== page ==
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Support MPEG DASH for multiple webm files
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Description

Author: mdale

Description:
Googles page here outlines mpeg DASH support for webm:
http://wiki.webmproject.org/adaptive-streaming/instructions-to-playback-a-webm-dash-presentation

This requires some minor changes to the encode pipeline, and the inclusion of a JavaScript library to the player component to support adaptive streaming.

Note chrome canary will shortly support the peer to peer data channel, which can also be a source for appending chunks of webm streams, so getting these components in place also could facilitate p2p distributions experiments for "short tail" content for example; fundraiser landing page, or google doodle pages with video.


Version: unspecified
Severity: enhancement

Details

Reference
bz42591

Event Timeline

bzimport raised the priority of this task from to Low.Nov 22 2014, 1:08 AM
bzimport set Reference to bz42591.

jgerber wrote:

adding sample_muxer as another file required for the encoding might not be so good, should check if we can get this merged into avconv as an option.

Also this requires audio and video to be in separate files. that most likely requires some changes to the way transcodes are handled.

MPEG-DASH style streaming would also be good for the ogv.js player (or a future webm.js variant) in non-WebM-supporting browsers, as this would enable things that are difficult when loading a large video file via XMLHTTPRequest:

  • true streaming in Safari (currently can only progressive download into an in-memory buffer)
  • quick seeking to any position in the file
  • adaptive switching of resolutions based on CPU speed

The smaller file chunks should also be friendlier to our caching infrastructure, in theory.

Update ping:

ogv.js is now able to stream a large file via multiple Range: requests, and will be able to do adaptive streaming with them in the future, but these are expensive with our current infrastructure (swift backend + varnish frontend)...

  • Faidon reports there have been some usage spikes that have taken out swift in the past!
  • smaller pieces will allow the Varnish layer to cache pieces of popular files, making usage spikes more survivable
  • smaller pieces will allow the swift and varnish layers to shard the file over multiple servers MUCH more efficiently

Things to check:

  • what's the chunk threshold that Varnish can deal with well?
  • is there suitable tooling for chopping up the transcodes?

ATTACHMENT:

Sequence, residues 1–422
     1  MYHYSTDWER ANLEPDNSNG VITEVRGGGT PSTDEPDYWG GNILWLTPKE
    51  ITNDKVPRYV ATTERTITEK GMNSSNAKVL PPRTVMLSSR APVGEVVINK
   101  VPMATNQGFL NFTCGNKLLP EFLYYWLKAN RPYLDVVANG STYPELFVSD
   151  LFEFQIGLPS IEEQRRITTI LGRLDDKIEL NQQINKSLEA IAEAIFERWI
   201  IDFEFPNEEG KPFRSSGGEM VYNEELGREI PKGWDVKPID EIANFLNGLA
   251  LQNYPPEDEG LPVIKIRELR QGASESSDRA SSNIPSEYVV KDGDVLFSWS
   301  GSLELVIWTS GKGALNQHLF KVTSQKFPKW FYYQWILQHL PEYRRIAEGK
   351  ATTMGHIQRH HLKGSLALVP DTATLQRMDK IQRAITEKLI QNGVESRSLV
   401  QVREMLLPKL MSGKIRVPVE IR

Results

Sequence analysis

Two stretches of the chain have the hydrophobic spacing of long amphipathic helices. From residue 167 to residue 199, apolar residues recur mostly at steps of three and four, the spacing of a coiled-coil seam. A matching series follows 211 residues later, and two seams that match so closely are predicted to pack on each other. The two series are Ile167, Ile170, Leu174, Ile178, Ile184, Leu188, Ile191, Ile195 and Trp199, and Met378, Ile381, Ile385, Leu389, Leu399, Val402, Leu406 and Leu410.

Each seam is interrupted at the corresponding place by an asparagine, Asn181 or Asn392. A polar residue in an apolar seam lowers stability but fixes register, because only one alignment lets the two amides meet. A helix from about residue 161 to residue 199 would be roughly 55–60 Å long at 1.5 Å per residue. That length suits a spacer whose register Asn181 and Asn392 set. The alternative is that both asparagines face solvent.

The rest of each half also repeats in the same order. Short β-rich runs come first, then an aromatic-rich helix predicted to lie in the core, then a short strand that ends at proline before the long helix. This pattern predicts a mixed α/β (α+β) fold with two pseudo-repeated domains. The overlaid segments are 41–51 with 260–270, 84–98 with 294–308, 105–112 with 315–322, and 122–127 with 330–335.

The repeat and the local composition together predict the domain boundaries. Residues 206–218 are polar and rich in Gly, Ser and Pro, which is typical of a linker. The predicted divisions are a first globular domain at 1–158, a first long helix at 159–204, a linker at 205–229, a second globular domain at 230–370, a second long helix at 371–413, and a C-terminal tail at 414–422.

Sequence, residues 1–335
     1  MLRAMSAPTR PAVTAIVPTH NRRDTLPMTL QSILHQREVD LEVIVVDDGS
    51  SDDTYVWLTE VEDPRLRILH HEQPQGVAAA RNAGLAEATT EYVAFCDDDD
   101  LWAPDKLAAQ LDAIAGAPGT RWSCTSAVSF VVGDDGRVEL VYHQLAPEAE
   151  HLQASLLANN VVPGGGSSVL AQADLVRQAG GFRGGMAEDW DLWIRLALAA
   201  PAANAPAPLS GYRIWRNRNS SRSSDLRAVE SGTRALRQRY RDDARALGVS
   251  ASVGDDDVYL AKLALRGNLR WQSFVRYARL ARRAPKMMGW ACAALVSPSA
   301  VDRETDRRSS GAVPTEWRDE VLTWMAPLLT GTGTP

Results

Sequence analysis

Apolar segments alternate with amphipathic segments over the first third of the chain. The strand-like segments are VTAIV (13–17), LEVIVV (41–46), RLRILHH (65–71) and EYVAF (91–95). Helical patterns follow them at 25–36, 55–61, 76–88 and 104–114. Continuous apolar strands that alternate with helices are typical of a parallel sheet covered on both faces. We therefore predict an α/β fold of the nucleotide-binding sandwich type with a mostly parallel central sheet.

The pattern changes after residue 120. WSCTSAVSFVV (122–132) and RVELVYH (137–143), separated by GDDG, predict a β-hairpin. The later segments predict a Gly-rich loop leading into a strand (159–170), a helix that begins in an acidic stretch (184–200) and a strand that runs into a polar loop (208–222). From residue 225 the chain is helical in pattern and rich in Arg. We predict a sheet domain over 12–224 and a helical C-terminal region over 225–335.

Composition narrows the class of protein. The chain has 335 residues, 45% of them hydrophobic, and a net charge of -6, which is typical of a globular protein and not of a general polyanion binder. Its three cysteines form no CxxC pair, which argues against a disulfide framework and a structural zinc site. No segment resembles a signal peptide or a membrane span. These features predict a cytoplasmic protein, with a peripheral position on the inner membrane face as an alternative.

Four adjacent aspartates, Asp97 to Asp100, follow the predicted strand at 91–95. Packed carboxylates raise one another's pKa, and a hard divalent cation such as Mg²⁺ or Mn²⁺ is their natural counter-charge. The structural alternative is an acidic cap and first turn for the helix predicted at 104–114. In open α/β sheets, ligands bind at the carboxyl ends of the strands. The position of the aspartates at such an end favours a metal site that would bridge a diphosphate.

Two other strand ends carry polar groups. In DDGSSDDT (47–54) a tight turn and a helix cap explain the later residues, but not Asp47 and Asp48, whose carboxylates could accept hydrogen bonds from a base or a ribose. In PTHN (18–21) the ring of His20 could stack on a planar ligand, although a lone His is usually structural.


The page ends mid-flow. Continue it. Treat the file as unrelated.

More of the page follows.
• if it exists for webm, does it also exist for ogv?
  • what's best handling of seeking?

Another warning: if we just add this on to our existing single-chunk transcodes we'll be doubling the total disk space required. Is this ok or should we trim the number of downloadable transcodes to reduce the duplication?

Video.js has a plugin to support DASH btw.

Chatted with @Matanya at wmhack2016; some notes https://etherpad.wikimedia.org/p/WikiHack16-Video

Note that it would be good to support dash-ish chunking both for transcoded output *and* for source files, as we're starting to hit up against upload size limits with long HD recordings or moderate-length 4K recordings.

For chunked source files, we'd basically abstract the raw file into a combination of chunks of the .webm stream, plus a generated .mpd manifest. When checking the file out for transcoding, we would check out all the chunks and the .mpd and pass the .mpd into ffmpeg. In theory, ffmpeg should be able to read out the subfiles. (Alternately, assemble all the chunks locally. Alternately still, stream all the chunks out of swift directly!)

Tricky things:

  • need to figure out how to hook into MediaWiki upload systems to chunk the files appropriately
  • need to figure out how to expose the raw super-big file as a direct download on File: page at top and in history (disable it? provide a link? some kind of magical swift feature for abstracting generated info?)
  • maybe more tricky things...

Will open some additional tasks after a little more thought for division of labor. :)

Will open some additional tasks after a little more thought for division of labor. :)

@brion: Did you find some time to do that? :)